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Redbox May Soon Look for its Slice of Netflix’s Online Pie

While Netflix Expands, Competitors Plot Their Next Moves

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Netflix appears to be facing increasing competition from all sides. In addition to long-time rival BlockBuster, retailer-based rental services and Hulu’s recently launched Hulu Plus paid service, Coinstar’s Redbox is reportedly looking to launch an online strategy.

Redbox is of course known for its kiosks featuring $1 DVD rentals. They can be found at fast food restaurants, gas stations and grocery stores all over the country. The problem is that the industry is clearly going digital, and that is not an area where Redbox has much to offer. Yet.

Redbox President Mitch Lowe told Bloomberg the company may use a web service to expand its library. "The way we look at it is, How can it help us deliver to our customers things we can’t do in our kiosks?" Bloomberg quotes Lowe as saying. "What role might it play in expanding our selection?"

At least Redbox has a web site that (some) customers are used to visiting. The site currently lets you check movie availability at near-by kiosks. Customers would no doubt be happy to watch the movies directly from the site. If they’re still a dollar a piece, and on demand, Redbox might have something.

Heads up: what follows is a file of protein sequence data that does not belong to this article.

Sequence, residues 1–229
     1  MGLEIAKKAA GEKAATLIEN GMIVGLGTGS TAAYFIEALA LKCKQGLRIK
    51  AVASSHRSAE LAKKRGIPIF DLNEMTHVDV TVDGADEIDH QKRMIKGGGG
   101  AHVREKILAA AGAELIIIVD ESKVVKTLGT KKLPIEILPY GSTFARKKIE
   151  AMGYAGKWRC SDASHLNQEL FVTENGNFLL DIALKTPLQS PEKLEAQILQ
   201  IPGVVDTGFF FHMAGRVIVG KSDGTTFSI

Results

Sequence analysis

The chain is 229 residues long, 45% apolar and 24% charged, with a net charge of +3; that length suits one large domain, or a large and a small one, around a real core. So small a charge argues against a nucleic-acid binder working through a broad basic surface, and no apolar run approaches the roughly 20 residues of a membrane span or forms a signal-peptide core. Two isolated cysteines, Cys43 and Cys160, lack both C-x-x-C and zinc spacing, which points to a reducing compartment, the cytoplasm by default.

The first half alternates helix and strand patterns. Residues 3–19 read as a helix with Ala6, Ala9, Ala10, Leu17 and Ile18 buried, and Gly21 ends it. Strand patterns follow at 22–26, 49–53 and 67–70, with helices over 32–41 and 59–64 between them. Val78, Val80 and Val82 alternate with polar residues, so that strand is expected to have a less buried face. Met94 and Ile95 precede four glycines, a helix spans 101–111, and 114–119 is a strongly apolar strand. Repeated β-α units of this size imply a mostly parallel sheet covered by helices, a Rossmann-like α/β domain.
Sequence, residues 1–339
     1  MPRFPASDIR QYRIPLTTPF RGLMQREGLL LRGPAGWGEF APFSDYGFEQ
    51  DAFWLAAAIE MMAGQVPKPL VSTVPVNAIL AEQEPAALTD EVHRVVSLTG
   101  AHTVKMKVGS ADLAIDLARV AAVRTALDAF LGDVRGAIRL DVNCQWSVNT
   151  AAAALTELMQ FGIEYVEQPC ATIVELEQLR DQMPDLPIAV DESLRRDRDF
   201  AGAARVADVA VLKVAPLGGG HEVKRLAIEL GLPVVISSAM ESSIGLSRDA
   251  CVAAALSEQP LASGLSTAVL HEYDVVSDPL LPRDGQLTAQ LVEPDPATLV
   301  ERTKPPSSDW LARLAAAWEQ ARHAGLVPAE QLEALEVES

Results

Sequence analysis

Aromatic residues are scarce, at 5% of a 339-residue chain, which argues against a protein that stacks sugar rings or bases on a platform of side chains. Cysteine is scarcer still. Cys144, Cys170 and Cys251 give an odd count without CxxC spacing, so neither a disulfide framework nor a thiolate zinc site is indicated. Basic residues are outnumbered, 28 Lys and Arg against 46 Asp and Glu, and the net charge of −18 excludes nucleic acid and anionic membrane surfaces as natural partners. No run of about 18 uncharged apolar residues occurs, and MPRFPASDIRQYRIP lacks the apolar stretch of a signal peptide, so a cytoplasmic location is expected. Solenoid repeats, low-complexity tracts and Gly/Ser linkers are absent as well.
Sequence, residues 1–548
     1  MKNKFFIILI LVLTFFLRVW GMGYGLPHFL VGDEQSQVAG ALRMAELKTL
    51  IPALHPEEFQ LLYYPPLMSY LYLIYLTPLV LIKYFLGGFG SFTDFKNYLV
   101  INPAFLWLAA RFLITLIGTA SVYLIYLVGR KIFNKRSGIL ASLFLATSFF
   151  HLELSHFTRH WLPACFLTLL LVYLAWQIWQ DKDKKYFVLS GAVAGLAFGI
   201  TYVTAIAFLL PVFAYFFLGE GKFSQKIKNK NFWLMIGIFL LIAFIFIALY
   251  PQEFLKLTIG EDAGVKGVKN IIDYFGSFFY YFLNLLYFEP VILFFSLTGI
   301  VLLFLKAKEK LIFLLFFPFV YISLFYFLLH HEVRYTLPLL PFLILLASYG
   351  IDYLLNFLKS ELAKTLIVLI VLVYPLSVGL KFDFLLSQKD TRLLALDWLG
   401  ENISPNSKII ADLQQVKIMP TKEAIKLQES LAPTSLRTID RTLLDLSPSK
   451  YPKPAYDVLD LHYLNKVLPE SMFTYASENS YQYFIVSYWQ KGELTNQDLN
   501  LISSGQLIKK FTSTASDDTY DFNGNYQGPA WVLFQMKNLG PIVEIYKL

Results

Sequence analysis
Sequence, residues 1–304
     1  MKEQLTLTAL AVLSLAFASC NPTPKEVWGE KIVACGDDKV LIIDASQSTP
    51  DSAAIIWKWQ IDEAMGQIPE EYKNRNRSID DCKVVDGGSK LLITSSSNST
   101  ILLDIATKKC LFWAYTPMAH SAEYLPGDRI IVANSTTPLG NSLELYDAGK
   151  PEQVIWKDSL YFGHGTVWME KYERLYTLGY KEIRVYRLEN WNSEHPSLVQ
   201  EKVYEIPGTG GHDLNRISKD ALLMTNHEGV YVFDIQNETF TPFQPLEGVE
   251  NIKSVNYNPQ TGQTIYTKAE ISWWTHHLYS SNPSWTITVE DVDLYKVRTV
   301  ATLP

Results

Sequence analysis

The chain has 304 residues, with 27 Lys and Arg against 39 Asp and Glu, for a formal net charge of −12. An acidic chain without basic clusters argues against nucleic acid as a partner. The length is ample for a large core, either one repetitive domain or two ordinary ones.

Redbox - Find a Movie (would be a lot better with streaming)

While the online movie/TV content industry may be heating up in terms of competition. Netflix seems to have a pretty comfortable lead. This was abundantly clear, especially at the announcement of Hulu Plus.

Netflix announced today that it is launching in Canada this fall, where it will offer streaming movies and TV episodes, as it does in the U.S. This will be the first country outside of the U.S. for Netflix. 

Redbox May Soon Look for its Slice of Netflix’s Online Pie
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  • Mike K

    While distribution and the studios think of creative ways to survive the real enemy is piracy. End piracy and everyone gains. Quality improves as the studios generate cash. The studios should be working night and day to get strict piracy laws written and enforced to save their jobs. We are paying for it now in the crappy radio and movies we now have. We have to start supporting those industries for better music and movies in the future.

    • Guest

      You’re right in that piracy is hurting the studios, but is it really hurting the quality of the movie at the megaplex? It’s misleading to think $$$$ = quality. It could be argued that that mentality coupled with a glut of money creates the mindless schlock that dominates the silver screen. Truth be told, good movies can be made on a shoe-string budget (After Hours, Clerks, Swingers, Following, PI–the list is almost endless). And the quality (or lack-there-of) of music on your radio isn’t because people are sharing mp3s. With or without piracy in music, there would still be the watered-down tunes homogenized for mass appeal.